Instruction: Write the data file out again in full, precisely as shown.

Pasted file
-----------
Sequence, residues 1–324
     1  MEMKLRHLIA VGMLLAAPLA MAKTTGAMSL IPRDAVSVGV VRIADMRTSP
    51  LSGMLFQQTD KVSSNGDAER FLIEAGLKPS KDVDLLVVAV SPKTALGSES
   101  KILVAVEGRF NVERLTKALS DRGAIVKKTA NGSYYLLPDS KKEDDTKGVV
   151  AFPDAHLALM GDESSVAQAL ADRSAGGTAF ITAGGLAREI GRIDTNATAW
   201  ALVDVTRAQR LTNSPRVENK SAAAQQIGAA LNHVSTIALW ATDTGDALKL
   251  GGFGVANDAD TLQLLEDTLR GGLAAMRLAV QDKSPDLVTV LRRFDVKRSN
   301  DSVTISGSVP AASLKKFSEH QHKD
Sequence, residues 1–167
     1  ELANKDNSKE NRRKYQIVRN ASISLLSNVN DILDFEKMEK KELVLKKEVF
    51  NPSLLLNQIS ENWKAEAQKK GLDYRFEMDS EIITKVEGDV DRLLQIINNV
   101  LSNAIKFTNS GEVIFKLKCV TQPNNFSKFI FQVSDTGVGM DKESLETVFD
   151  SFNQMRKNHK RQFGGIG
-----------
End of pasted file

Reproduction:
Sequence, residues 1–324
     1  MEMKLRHLIA VGMLLAAPLA MAKTTGAMSL IPRDAVSVGV VRIADMRTSP
    51  LSGMLFQQTD KVSSNGDAER FLIEAGLKPS KDVDLLVVAV SPKTALGSES
   101  KILVAVEGRF NVERLTKALS DRGAIVKKTA NGSYYLLPDS KKEDDTKGVV
   151  AFPDAHLALM GDESSVAQAL ADRSAGGTAF ITAGGLAREI GRIDTNATAW
   201  ALVDVTRAQR LTNSPRVENK SAAAQQIGAA LNHVSTIALW ATDTGDALKL
   251  GGFGVANDAD TLQLLEDTLR GGLAAMRLAV QDKSPDLVTV LRRFDVKRSN
   301  DSVTISGSVP AASLKKFSEH QHKD
Sequence, residues 1–167
     1  ELANKDNSKE NRRKYQIVRN ASISLLSNVN DILDFEKMEK KELVLKKEVF
    51  NPSLLLNQIS ENWKAEAQKK GLDYRFEMDS EIITKVEGDV DRLLQIINNV
   101  LSNAIKFTNS GEVIFKLKCV TQPNNFSKFI FQVSDTGVGM DKESLETVFD
   151  SFNQMRKNHK RQFGGIG